3 Things You Might be Doing That are Sabotaging Your Child’s Ability to Manage His Finances in the Future

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Any parent will tell you they want the best for their kid. What differs is what each one considers the “best”.

Some parents will wield the cane to ensure their kid gets good grades. Others believe that balance and a happy childhood are more important. Some want their kids to have all the creature comforts you could possibly desire including iPhones and iPads, while others think it’s more important to teach their kids the importance of having a good work ethic.

But nobody wants their child to not be able to handle their own finances when they grow up. Here are three things you might be doing that could turn your kid into a financial disaster.

 

Buying your kid everything he asks for

Kids these days want a lot more than just Transformers figurines or Legos. If you accede to your kid’s every request, you could exhaust your retirement fund paying for iPads, Nintendo 3DSes and kick scooters.

But worst of all, by buying every single thing your kid asks for, you run the risk of raising a spoiled child who has to have everything he wants right now. Your kid might throw temper tantrums when you don’t buy him what he wants at Kiddy Palace, but caving in is the most counterproductive thing you could do at that point.

That’s because a big part of managing your own money is delaying gratification—such as by saving and investing for the future rather than spending all your cash on shoes. Not teaching your child to take “no” for an answer could turn him into the sort of adult who has no self control in a shopping mall.

 

Telling your child he’ll inherit your wealth

Remember that scene where Mufasa tells Simba “One day son, all this will be yours?” Pull that trick in Singapore and you can bet your kid will be twiddling his thumbs until that day actually arrives.

When you do that, you’re sending out the message that your child will be financially taken care of in future. Even the inheritance of a simple HDB flat can be a huge financial boon, given the high cost of property in Singapore. Why bother to work hard when there’s money coming your way in a couple of decades?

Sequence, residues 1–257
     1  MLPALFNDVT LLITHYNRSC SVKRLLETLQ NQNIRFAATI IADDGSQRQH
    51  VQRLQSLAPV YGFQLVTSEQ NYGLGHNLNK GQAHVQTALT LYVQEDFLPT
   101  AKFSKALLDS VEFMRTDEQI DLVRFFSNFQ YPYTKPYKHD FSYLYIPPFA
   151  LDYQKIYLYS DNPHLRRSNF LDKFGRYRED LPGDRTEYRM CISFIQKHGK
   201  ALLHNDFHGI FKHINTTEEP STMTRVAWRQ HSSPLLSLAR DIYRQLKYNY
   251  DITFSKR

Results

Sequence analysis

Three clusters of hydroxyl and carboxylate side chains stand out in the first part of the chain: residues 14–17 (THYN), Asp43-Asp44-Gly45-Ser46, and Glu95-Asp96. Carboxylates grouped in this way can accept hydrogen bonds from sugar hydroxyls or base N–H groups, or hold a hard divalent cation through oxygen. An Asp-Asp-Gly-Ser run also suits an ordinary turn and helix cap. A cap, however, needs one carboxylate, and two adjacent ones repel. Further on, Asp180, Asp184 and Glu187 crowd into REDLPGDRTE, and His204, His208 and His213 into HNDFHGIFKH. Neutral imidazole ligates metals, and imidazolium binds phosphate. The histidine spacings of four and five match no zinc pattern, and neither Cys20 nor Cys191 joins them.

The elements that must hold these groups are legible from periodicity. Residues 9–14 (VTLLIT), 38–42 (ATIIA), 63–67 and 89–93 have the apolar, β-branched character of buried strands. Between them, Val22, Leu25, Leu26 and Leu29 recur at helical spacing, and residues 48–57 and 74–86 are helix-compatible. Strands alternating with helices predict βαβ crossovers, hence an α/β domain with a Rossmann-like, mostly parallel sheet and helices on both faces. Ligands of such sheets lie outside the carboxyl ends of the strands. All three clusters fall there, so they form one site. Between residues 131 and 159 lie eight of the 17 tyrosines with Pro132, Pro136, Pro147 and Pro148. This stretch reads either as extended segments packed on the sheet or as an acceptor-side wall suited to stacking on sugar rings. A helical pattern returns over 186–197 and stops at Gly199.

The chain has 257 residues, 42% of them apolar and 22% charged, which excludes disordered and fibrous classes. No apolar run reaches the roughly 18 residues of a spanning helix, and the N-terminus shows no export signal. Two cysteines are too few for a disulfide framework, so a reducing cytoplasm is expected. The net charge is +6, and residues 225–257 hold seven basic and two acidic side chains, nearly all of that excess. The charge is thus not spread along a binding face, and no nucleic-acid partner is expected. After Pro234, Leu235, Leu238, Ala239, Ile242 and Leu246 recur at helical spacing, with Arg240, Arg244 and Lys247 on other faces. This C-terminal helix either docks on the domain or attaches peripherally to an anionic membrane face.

This isn’t something you want to tell a kid, especially when he’s at the age where he’s susceptible to turning into an entitled brat. Save that conversation for when he’s older and more mature, and has already learnt the value of financial prudence and hard work.

 

Encouraging him to enjoy the high life

You work hard enough to allow you and your family to enjoy a few treats here and there. But try not to go overboard and turn your kid into someone who aspires to live a life of luxury.

Some parents think that by giving their kids an appreciation of the finer things in life, they’re motivating them to work hard for their own future. I know someone who flew her kids in First Class to show them how much better it is to be rich.

But guys, it’s usually poverty that drives people to work hard and manage their finances better, not wealth that’s been doled out for free by doting parents.

Instead of encouraging your kids to live lavishly, show them how to enjoy the simple things in life instead. Spend time with them instead of buying them more stuff, encourage them to do instead of acquire things. Then you can rest assured that your beloved son is unlikely to become the kind of person who buys cars to impress girls.

What have you done to ensure your kids grow up to be financially literate? Tell us in the comments!

In my previous life, I was a property lawyer who spent most of my time struggling to get out of bed or stuck in peak hour traffic. These days, as a freelance commercial writer, I work in bed, on the beach, in parks and at cafes, all while being really frugal. I like helping other people save money so they can stop living lives they don't like.